28 © 2012 Government Financial Strategies inc. El Dorado County Office of Education - Page 28 “Good” Commercial Credit Characteristics Credit characteristics which are considered “good” fall into three categories: –Short Term Liquidity (Cash Flow Statement) –Capital Structure and Solvency (Balance Sheet) –Operating Performance (Income Statement)

29 © 2012 Government Financial Strategies inc. El Dorado County Office of Education - Page 29 “Good” Credit Characteristics ≠ Charters Short Term Liquidity –Measured from Balance Sheet ratios; a public school dependent on State revenues or local property taxes usually monitors with a cash flow projection. Capital Structure and Solvency –Measured from the Balance Sheet by looking at the severity of debt claims on the cash flow; debt can pose the same threat for a charter school, though many are low debt. No equity, but Fund Balance. Operating Performance –Measured by margins and profit over a month, quarter or year. Public school operating performance may be better reflected over multiple years.

30 © 2012 Government Financial Strategies inc. El Dorado County Office of Education - Page 30 Credit Enhancement May or May Not Help ✔ Information needs to be packaged for the user.

31 © 2012 Government Financial Strategies inc. El Dorado County Office of Education - Page 31 Revenue Quality “Revenues derived from other governmental entities, such as state aid funding, could exhibit historical volatility, especially in the face of an adverse budget climate, that could make timing and amount of future receipts uncertain.” »Standard and Poor’s Criteria for Short-Term Debt ✔ Sample charter schools rely on State revenue and suffer cash flow shortfalls from deferrals in similar proportions to school districts, but have important credit limitations related to potential failure and a lack of uniformity on other credit characteristics. ✔ Still, CSFA State revenue intercept is an important credit feature.

32 © 2012 Government Financial Strategies inc. El Dorado County Office of Education - Page 32 How Can Charters Affect Their Credit? If charter schools don’t fit conventional credit standards (for business or for public agencies), what can be done to improve the fit and at what cost? –Charter school lending market has information asymmetries. –Is there revenue quality which can be measured differently? –If so, will this result in improved access to capital?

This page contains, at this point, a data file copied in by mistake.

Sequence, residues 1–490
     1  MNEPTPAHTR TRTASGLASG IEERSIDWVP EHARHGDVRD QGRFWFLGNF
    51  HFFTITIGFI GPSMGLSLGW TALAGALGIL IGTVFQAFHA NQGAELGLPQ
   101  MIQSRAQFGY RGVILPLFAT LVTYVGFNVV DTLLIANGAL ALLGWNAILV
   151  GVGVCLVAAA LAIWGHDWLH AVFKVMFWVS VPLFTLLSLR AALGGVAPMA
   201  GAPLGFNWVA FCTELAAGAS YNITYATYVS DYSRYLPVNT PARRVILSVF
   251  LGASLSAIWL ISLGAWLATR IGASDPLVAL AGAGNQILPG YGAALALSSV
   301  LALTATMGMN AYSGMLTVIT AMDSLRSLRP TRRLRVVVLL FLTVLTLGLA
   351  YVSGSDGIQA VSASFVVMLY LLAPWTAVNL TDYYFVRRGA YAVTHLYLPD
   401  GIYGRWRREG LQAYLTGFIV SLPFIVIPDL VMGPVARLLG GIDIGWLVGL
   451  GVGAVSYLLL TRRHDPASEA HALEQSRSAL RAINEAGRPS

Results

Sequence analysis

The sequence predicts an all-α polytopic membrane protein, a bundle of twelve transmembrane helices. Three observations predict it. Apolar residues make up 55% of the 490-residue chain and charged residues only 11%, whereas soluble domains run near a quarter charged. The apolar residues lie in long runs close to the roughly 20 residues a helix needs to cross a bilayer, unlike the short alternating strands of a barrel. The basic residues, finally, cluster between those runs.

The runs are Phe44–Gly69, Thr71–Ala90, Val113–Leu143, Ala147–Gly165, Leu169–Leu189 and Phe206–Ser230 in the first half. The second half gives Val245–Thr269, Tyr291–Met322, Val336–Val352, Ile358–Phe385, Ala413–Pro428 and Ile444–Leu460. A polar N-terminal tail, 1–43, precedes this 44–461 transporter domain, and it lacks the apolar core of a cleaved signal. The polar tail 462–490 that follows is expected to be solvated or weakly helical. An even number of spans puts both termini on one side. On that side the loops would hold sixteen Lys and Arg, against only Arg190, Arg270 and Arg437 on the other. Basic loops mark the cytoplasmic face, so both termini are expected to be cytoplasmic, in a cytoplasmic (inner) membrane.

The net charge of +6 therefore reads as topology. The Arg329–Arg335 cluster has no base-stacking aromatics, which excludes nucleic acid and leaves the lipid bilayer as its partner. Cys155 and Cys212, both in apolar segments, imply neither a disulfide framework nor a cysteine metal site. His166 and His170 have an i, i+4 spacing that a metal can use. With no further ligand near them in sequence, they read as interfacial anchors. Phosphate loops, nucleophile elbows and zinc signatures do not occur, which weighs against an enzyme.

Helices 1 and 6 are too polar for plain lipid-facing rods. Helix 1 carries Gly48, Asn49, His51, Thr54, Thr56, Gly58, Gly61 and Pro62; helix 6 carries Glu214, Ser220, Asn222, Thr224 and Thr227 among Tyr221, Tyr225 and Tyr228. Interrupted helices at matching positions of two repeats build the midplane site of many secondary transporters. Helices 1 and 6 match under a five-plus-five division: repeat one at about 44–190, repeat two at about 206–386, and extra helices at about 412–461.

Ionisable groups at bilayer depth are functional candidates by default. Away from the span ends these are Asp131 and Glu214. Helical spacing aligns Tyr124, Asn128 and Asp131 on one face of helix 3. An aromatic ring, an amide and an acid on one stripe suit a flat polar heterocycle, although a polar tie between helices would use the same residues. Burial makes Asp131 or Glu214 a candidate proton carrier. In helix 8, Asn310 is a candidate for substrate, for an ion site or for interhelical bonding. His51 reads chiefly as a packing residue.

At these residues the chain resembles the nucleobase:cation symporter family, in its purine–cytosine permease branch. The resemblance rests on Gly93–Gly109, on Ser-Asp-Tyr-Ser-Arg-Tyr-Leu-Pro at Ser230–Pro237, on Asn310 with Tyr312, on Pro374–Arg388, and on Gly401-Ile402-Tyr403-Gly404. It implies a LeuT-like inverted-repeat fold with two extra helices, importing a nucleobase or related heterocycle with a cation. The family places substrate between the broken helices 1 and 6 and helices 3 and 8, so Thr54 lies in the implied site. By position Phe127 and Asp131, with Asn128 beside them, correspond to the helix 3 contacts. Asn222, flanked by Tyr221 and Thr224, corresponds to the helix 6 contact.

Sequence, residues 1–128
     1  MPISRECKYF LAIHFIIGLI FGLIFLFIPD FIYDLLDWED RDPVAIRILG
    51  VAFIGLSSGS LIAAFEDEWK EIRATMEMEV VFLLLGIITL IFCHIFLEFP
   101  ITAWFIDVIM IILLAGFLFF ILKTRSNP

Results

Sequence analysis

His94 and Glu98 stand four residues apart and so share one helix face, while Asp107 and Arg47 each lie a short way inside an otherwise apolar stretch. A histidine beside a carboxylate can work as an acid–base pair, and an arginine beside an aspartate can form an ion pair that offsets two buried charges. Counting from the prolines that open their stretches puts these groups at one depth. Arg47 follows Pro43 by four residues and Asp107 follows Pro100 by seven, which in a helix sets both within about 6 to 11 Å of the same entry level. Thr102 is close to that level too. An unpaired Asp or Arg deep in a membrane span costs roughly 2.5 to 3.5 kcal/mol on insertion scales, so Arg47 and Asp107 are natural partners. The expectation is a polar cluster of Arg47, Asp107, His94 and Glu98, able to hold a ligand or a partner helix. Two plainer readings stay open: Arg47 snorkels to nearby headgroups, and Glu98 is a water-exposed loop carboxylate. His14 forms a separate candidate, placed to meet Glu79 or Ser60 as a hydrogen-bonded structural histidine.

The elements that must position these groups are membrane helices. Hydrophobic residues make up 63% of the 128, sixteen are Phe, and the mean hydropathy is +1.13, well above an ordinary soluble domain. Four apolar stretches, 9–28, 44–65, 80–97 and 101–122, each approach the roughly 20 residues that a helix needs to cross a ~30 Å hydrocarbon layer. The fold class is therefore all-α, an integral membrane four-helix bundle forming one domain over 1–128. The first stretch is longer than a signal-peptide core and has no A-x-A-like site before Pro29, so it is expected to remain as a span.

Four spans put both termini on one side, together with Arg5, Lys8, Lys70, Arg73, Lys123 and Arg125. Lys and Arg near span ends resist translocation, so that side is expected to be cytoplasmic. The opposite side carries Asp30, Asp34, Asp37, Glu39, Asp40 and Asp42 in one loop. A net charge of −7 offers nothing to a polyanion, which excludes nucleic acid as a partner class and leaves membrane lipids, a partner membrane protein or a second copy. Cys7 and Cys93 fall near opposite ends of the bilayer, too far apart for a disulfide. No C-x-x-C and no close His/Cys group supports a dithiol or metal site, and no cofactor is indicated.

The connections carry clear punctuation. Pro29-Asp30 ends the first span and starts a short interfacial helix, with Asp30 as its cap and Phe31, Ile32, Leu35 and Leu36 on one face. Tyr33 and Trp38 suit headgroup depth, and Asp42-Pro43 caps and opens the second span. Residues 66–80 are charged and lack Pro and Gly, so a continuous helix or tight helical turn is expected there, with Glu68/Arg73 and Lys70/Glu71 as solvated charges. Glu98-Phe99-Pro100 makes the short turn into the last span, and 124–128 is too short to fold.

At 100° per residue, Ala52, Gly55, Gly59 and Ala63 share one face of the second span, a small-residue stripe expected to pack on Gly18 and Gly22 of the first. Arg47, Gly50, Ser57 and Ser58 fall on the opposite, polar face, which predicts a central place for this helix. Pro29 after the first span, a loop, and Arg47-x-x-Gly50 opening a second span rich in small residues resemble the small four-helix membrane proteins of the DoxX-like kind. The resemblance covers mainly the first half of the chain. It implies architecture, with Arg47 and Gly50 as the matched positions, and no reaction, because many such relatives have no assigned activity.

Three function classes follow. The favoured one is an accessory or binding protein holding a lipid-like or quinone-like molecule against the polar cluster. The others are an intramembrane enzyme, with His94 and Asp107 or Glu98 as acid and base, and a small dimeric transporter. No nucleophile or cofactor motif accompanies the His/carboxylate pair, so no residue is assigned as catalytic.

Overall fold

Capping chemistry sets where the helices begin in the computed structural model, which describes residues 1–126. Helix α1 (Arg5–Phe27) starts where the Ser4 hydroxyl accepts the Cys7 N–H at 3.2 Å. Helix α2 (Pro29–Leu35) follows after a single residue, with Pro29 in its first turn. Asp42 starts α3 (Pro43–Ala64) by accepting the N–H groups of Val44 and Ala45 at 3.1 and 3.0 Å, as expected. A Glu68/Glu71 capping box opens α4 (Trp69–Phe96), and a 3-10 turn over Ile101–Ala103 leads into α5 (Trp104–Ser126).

33 © 2012 Government Financial Strategies inc. El Dorado County Office of Education - Page 33 Academic Evidence Supports Charters’ Exp. “First... banks charge higher interest rates and finance relatively less creditworthy borrowers in market segments with greater information asymmetries. Second, when faced with greater competition from outside lenders, banks reallocate credit toward more captured borrowers (flight to captivity). Third, if borrower quality and captivity are sufficiently correlated, an increase in the competitiveness of uninformed lenders can worsen the informed lender’s overall loan portfolio.” Dell’Ariccia, Giovanni, and Robert Marquez, 2004, “Information and bank credit allocation,” Journal of Financial Economics, 72, pp. 185–214.

34 © 2012 Government Financial Strategies inc. El Dorado County Office of Education - Page 34 Price System is Not Working Price system of capital allocation not working for charters –Comparison to school districts, the most frequent issuer of Tax and Revenue Anticipation Notes, may be harmful –Hospitals may be a better metaphor Information asymmetries in the municipal market have historically been addressed by third party independent opinions of creditworthiness, i.e. rating agencies. –Charter schools can work collectively to standardize cash flow projections and obtain short term credit ratings.

35 © 2012 Government Financial Strategies inc. El Dorado County Office of Education - Page 35 Development of Credit Market for Charters Information is the traditional answer to an information problem. –Investing in charters occurs through private placements, public offerings, and commercial lending. –An education effort about short term charter credit could be directed to each of these markets. –Certification of credit via credit rating has value.